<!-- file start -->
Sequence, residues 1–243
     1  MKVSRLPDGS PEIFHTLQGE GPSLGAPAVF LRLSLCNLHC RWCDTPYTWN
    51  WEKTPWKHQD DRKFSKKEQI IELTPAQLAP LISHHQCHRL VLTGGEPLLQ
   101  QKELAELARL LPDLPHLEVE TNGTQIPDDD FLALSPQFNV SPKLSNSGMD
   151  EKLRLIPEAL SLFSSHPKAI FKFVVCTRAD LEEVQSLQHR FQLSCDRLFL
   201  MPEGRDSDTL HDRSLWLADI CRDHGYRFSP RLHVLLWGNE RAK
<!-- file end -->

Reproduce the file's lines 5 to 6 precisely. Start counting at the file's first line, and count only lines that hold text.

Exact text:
   151  EKLRLIPEAL SLFSSHPKAI FKFVVCTRAD LEEVQSLQHR FQLSCDRLFL
   201  MPEGRDSDTL HDRSLWLADI CRDHGYRFSP RLHVLLWGNE RAK